#54 Patrick Patterson—who led the Rockets with 24 points—is the Camby teammate who hogties him following the shot.
The John McSherry Tragedy (4/1/1996)
Disclaimer: I don't rattle easy, but this video rattled me. And if it rattled me, there's a good chance it'll rattle you. Be warned before pressing play that you are basically watching a man die—this might not be something the sensitive TSR visitor would be comfortable viewing.
But if you are...
Opening Day, 1996. Defending NL Central Champion Cincinnati is hosting Montreal at old Riverfront Stadium (Cinergy Field). Umpiring behind the plate is 24-year veteran McSherry. As Reds ace Pete Schourek faces Expo Rondell White with two outs in the first, McSherry calls time-out, clearly under duress. He then motioned for another umpire to presumably follow him into the umpire's dressing room, where he himself began to head.
Sadly, he never made it there. As you'll see in the clip, he goes down and never regains consciousness. Though he's not officially pronounced dead of a massive heart attack until reaching the hospital, those on scene are convinced he was gone immediately.
No Red or Expo felt much like continuing—who could blame them—so the game was postponed and re-started the next day. Schourek beat Jeff Fassero 4-1.
Notes: In addition to the medical staffs of both teams, numerous doctors in attendance rushed onto the field to aid the fallen umpire, who had been slated to receive a heart examination the next day—he'd postponed the appointment in order to work Opening Day.
McSherry's death landed Reds owner Marge Schott in (more) hot water. In response to the tragedy, she showed more annoyance than grief over McSherry's passing and was more upset about the postponement of the game than the loss of a life, and was publicly excoriated.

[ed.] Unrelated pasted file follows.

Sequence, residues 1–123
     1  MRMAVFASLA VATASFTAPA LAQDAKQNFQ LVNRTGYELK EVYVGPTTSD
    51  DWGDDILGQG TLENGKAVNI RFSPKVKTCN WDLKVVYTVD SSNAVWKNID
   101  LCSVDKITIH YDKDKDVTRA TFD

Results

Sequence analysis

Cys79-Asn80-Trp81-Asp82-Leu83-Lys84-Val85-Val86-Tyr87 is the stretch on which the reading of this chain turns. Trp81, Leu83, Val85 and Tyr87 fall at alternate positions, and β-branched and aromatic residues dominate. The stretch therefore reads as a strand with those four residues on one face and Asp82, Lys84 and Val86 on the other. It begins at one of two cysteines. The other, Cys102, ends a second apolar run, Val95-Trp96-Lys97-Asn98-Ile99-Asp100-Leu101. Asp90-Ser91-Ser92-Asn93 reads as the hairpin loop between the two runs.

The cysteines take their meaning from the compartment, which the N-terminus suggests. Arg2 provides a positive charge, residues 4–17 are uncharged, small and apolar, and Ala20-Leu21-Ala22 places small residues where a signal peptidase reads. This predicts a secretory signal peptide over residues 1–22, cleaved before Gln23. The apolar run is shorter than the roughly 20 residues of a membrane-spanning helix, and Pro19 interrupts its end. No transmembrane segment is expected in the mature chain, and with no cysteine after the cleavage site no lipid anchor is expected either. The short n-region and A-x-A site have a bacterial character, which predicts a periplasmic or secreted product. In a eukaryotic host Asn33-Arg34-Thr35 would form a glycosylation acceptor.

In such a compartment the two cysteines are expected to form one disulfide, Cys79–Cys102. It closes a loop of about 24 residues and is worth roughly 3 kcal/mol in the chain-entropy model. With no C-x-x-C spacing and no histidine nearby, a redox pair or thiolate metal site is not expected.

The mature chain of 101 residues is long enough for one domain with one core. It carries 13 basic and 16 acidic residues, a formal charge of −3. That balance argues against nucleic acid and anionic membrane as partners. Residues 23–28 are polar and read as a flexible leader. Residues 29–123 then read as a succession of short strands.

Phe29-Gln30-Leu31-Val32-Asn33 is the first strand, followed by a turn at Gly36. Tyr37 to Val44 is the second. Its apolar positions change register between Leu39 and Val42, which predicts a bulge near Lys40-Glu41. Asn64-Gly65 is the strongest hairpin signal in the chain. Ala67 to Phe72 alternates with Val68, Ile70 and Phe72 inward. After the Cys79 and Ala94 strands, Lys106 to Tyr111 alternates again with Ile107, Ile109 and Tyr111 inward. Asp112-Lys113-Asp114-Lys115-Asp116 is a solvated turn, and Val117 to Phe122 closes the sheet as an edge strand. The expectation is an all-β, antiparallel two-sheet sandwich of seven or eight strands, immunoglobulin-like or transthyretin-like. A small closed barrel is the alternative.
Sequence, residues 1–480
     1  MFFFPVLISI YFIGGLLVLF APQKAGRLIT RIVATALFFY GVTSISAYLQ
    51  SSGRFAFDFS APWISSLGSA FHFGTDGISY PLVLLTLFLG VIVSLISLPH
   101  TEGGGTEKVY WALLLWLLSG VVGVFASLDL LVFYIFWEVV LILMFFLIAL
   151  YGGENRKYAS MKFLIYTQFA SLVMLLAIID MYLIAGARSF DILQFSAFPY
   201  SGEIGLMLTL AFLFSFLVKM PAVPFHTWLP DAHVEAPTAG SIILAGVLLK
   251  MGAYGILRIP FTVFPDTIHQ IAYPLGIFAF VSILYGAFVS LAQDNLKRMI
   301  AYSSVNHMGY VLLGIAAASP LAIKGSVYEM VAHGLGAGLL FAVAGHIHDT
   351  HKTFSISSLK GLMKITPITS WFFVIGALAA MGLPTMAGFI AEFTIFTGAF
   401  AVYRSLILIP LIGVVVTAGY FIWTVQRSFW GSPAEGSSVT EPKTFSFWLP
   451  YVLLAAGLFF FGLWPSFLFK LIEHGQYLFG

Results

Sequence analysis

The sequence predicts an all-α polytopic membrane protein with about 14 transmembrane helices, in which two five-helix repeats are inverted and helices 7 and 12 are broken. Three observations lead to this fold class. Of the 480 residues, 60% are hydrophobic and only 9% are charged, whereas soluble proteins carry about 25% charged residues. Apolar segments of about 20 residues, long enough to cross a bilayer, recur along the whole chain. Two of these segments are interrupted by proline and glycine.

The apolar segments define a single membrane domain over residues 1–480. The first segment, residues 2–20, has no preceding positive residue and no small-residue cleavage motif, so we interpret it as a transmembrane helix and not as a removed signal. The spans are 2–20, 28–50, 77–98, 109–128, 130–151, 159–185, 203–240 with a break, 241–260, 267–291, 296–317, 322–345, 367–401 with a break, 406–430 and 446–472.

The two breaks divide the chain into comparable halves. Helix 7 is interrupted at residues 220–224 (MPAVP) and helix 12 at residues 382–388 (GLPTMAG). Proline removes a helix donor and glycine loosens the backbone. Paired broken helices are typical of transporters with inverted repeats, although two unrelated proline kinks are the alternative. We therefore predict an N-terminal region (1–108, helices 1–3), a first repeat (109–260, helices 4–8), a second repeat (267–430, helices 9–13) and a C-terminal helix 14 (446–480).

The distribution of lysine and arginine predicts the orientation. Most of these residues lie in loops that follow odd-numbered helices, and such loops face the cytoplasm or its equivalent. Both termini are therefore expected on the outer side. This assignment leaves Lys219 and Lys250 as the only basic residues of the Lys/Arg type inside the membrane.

Marlon Byrd Beaned (5/21/2011)
A previous video centered around a line drive hitting a bird. Our current, less-jocular video depicts a 90+mph fastball hitting a Byrd...in the head.
Byrd, then with the Chicago Cubs, faced Red Sox starter Alfredo Aceves with one out in the second inning of a scoreless game. Aceves' 1-2 pitch heat-seeked right into the side of Byrd's head.
It is easy from a television screen to opine that the beaning looked worse than it was—considering he sat out the next six weeks, Mr. Byrd would probably take some offense to that, though none was intended.
My point is, when a man reacts to a blow to the head as Byrd did—see video—you're thinking he's suffered irreperable harm. You're certainly not thinking he's gonna pop right back up, as the dazed outfielder (fortunately) did.
Byrd was pinch-run for by Reed Johnson—yes, the same Reed Johnson who, as a Miami Marlin, finished up Giancarlo Stanton's at-bat following his brutal 2014 beaning.
Notes: Sox 3B Kevin Youkilis is shown wincing after Byrd is hit.
Obviously, this was a Turn Back The Clock game with the club sporting uniforms from 1918—Fenway Park also ditched its' PA announcer and music for further authenticity. Julia Ruth Stevens, the 94-year-old daughter of Babe Ruth, tossed the ceremonial first pitch.
Aceves—who also drilled Kosuke Fukudome leading off the game—went five innings with a run allowed in his first start of 2011 after 11 relief appearances. Carlos Zambrano went 5.2 for the Cubs, allowing three ER. Neither SP received a decision.
Down 3-1 late, Chicago dropped eight on Boston in the 8th and won 9-3. Byrd returned July 2, going hitless in his first two games back before settling in. Interestingly, Byrd and Aceves would spend two months as Red Sox teammates one year later.